Social media has revolutionized the way tech savvy arts and cultural organizations communicate.

Facebook has 901 million active users; 500 million people use  Twitter; 8 years worth of content is uploaded to YouTube every day; Pinterest has 4 million unique views daily.

Nonprofits are taking advantage of this technology; according to the Nonprofit Social Networking Survey by NTEN, Common Knowledge & Blackbaud, the average nonprofit’s fan or follower base grew by 30 percent on Facebook and 81 percent on Twitter in 2011.

When checking out our Altru user’s social media pages, one garden caught my attention: Bok Tower Gardens.

Bok Tower Gardens have almost 15,000 likes on Facebook and over 9000 Foursquare check ins. They have 1500 Twitter followers and tweet daily. Their YouTube page has 29 videos, accumulating 1000s of views.

I was recently able to get some advice from Bok Tower Gardens’ Martin Corbin on how they manage such a successful social media strategy:

Pictures are worth a 1,000 words

Sharing photos across social media garners a lot of attention for your page. It is also important that links from your website include a photo thumbnail to catch the reader’s eye as they scan their wall.


Asking never hurt

Be vocal and encourage visitors to check-in at your property with reminders on welcome signs, maps and brochures. Make it easy to share your content via your website with share buttons (those share numbers are an excellent and easy recommendation for your customers).

Be social

Incorporate in person meet-ups with your social media followers to deepen relationships. Building relationships with “super-fans” is a sure-fire way to increase your engagement throughout social media.

Start a conversation

Asking (the right) questions on your page provides highly engaging content. Focus on questions that encourages a conversation instead of a response. We like to hear visitors personal stories and connections.

BokTower Question

Sharing is caring

Show your fans how much you love them by sharing their content they post on your page! These unique perspectives are a great way to highlight those who are the most important part of your organization – your customers.

Clearly, Bok Tower Gardens makes the most of their social media. Their Facebook page features images, events, videos, polls, a map and even their gift shop. You can buy a ticket or a tower replica directly from the Facebook page.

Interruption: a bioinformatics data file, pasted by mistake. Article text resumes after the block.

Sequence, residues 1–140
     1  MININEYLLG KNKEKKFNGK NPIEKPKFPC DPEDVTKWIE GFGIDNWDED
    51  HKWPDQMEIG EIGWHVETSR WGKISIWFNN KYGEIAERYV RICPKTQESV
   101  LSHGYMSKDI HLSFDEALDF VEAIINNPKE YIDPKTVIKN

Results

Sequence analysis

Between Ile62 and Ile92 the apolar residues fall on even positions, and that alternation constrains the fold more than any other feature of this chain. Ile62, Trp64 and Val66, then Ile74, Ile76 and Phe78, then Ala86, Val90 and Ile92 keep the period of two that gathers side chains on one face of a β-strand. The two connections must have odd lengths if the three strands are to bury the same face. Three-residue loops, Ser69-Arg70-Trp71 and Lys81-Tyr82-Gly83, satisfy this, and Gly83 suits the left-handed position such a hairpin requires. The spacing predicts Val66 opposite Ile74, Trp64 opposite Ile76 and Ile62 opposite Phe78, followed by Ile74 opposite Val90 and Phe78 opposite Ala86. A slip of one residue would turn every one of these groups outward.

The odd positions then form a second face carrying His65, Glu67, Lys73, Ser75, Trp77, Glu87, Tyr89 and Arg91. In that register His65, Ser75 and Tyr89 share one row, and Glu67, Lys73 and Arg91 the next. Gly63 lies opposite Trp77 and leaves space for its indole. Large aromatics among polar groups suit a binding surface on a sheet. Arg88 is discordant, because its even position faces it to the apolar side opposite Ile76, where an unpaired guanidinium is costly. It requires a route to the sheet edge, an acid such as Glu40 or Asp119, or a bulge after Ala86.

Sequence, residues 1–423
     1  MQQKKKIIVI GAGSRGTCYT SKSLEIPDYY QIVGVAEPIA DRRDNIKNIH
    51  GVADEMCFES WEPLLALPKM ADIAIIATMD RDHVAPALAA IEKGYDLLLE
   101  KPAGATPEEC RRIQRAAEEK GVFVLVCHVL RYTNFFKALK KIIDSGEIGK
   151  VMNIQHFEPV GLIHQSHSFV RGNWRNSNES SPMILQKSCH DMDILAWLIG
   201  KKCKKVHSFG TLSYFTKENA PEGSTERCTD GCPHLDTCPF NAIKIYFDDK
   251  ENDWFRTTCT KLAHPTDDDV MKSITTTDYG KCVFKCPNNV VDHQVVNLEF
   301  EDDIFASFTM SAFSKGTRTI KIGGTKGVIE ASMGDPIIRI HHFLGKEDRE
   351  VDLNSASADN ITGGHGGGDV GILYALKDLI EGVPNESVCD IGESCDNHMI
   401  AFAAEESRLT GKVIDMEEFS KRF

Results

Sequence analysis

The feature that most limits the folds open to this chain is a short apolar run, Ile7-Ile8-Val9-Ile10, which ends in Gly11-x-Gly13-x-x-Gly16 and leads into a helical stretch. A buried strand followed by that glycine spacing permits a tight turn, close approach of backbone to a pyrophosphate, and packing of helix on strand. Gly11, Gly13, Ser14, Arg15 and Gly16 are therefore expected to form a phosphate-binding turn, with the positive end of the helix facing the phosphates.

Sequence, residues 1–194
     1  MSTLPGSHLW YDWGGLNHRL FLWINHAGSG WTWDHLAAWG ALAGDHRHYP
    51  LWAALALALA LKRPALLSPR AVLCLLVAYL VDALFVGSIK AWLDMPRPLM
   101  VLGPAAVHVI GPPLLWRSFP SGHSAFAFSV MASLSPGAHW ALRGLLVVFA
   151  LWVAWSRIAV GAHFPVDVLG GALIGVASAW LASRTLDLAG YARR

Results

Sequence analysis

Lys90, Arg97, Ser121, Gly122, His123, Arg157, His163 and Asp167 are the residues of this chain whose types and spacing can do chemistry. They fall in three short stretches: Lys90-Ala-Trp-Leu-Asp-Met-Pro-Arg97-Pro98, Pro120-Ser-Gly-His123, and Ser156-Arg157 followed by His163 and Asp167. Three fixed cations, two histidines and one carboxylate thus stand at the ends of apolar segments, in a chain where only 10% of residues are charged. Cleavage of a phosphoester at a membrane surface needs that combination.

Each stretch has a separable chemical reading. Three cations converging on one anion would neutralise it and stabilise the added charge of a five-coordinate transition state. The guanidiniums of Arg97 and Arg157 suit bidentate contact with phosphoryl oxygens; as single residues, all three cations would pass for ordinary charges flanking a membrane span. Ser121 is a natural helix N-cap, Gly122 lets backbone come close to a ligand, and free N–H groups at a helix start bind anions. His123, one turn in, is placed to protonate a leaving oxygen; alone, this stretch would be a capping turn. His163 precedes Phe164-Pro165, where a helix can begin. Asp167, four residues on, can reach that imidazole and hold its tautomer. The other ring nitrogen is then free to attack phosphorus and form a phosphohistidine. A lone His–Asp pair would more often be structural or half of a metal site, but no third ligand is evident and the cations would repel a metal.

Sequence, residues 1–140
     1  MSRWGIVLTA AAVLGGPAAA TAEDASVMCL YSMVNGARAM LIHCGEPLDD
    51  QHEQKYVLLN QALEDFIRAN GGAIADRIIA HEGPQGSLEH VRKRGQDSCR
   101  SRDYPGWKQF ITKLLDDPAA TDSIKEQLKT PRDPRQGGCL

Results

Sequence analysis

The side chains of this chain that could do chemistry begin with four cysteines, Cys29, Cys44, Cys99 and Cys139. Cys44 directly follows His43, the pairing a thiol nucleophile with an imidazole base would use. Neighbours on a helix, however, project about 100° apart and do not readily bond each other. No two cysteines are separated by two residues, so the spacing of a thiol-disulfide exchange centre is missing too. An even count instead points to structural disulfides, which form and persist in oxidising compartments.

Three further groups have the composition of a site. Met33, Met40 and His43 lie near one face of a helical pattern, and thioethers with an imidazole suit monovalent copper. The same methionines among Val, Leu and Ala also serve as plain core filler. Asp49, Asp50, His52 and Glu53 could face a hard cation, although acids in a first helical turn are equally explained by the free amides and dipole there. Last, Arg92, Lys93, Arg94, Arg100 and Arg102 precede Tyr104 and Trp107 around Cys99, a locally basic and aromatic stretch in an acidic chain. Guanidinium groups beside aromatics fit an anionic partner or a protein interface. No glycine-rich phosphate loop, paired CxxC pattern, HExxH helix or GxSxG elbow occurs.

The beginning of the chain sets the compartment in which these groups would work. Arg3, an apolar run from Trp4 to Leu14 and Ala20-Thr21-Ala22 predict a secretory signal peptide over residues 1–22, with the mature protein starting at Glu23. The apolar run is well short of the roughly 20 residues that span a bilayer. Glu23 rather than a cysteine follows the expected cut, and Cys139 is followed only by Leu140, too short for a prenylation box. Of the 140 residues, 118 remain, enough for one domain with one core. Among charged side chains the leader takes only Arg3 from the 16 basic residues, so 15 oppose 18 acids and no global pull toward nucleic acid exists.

Facebook Apps
They don’t just convey information; they have conversations. Point 4 above is crucial. Social media gives organizations the chance to go beyond just providing updates to their followers. They ask questions – what do patrons enjoy about the gardens?  What was their favorite experience there? This sharing of memories can create a strong bond between the organization and their supporters.

What other questions successfully prompt followers to share? How else can you connect with your supporters? Which social media outlets do you find the most beneficial? Let’s talk about it in the comments below or in the Altru Community!


Bok Tower Gardens, a “must see Florida attraction,” is centrally located between Tampa and Orlando among rolling hills of citrus!

Nearly 50 acres of Olmsted gardens surround Pinewood Estate, a 1930s Mediterranean-style mansion, and the 205-foot art deco and neo-Gothic Singing Tower housing one of the world’s finest carillons with 60 bells that ring every half hour and during daily concerts.

The National Historic Landmark was dedicated in 1929 as a gift from Dutch immigrant Edward Bok, a Pulitzer Prize-winning author and world peace advocate.

“Make you the world a bit better or more beautiful because you have lived in it.” These originally were the words of Mr. Bok’s grandmother, but were adopted by Edward Bok.


Kristen Gastaldo joined Blackbaud’s Altru team in March 2012, leaving behind the late nights of the music business. She spent 8 years in the music industry, managing a venue in Charlotte, NC, and then relocating to Charleston in 2007 to help reopen the Music Farm. While at the Farm, she founded the Lowcountry Artist Market, a seasonal market that features local vendors selling handmade and vintage goods. Her background in event management, marketing and ticketing in the arts and cultural community led her to pursue a career with Blackbaud, as Altru’s Community Manager. Kristen is here to help users connect with information, each other, and to help foster our sense of community.

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